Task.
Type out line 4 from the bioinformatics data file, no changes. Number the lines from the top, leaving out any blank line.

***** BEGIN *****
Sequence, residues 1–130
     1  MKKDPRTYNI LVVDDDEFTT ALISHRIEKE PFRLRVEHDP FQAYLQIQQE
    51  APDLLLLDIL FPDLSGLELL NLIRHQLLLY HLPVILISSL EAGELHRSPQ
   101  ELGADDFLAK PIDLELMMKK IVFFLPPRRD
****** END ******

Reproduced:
   101  ELGADDFLAK PIDLELMMKK IVFFLPPRRD